Child support can be one of the most contentious issues in a Mississippi divorce. Unfortunately, the entry of the formal decree of dissolution may not end the conflict. For many reasons, a person who is required to pay child support to the custodial parent may default on this obligation. For example, a non-custodial parent who is required to pay child support to the former spouse may feel that the amount is too high, that the divorce proceeding was unfair or that the former spouse does not deserve the payments. Sometimes, financial difficult will cause a former spouse to default on child support payments. The State of Mississippi provides a number of collection methods to ensure that child support payments are paid when and in the amount required by the court.
Some procedures operate almost automatically. The Mississippi Department of Human Services can serve a notice of income withholding on the obligated spouse's employer if payments are in arrears. After service of the notice, the employer must withhold a prescribed portion of the obligated spouse's wages or salary until the delinquency is paid up. Another method is to have the state withhold support from the non-custodial spouse's unemployment benefits. Similar methods are used to subtract delinquent payments from tax refunds owed to the non-custodial parent. The state can also suspend the non-custodial spouse's driver's license if child support is delinquent.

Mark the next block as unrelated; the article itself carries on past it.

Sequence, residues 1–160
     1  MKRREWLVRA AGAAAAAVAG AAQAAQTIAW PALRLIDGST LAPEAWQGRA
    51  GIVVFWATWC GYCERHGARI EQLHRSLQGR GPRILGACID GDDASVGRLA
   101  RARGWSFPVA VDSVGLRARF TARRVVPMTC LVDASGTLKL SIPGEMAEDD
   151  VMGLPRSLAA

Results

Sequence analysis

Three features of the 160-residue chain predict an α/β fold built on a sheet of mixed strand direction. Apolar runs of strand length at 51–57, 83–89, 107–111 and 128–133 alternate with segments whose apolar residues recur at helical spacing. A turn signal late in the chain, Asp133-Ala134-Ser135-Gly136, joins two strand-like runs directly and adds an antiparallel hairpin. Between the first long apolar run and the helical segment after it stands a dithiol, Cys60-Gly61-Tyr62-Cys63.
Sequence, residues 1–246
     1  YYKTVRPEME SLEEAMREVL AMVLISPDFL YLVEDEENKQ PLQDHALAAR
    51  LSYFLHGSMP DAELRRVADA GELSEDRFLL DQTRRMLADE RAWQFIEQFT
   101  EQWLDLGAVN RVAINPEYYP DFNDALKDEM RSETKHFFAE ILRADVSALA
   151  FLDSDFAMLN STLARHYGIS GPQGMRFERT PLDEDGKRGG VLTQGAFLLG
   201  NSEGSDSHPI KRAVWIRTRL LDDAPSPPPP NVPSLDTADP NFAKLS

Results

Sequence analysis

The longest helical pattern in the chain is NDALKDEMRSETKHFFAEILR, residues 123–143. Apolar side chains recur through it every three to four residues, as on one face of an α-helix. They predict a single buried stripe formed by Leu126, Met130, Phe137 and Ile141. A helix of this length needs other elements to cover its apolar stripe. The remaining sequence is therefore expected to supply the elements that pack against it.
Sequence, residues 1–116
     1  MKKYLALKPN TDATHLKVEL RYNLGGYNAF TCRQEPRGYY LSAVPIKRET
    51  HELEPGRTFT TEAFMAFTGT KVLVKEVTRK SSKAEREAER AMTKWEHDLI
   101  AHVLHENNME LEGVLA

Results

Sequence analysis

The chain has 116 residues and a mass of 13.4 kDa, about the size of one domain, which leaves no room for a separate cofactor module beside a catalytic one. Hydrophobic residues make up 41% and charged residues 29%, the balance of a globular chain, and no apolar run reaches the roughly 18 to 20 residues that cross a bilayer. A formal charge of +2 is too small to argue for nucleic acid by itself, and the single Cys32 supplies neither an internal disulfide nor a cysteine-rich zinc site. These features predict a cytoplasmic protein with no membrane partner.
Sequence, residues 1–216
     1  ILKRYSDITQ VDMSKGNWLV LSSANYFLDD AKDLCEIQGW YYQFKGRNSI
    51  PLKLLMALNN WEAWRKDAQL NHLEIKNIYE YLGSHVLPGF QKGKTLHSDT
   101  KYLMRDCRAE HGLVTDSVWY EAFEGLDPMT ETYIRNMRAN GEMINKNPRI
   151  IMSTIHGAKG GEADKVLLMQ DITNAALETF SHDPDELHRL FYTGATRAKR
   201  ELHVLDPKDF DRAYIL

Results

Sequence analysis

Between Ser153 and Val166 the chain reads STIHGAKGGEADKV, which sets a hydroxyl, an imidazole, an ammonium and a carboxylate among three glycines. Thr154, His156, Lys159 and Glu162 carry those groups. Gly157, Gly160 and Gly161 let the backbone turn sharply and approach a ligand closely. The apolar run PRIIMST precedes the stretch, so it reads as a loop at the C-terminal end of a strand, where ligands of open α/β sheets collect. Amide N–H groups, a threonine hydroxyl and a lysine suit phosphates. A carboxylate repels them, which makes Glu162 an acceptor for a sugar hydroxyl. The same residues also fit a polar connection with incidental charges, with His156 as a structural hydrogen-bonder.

A more serious method of enforcement of child support obligations is to ask the court to hold the non-custodial spouse in contempt of court for failing to make required support payments. This method usually requires the services of an attorney, but the consequences for the non-complying spouse can be severe, including the possibility of a jail sentence.
Anyone who has faced difficulty in obtaining regular child support payments from a former spouse may wish to consult an experienced divorce attorney about these remedies. A knowledgeable attorney can provide advice on which remedies will be most effective and can, if necessary, appear in court to seek judicial relief.
Source: Mississippi Department of Human Services, "Child Support - Collection and Enforcement," accessed on May 15, 2017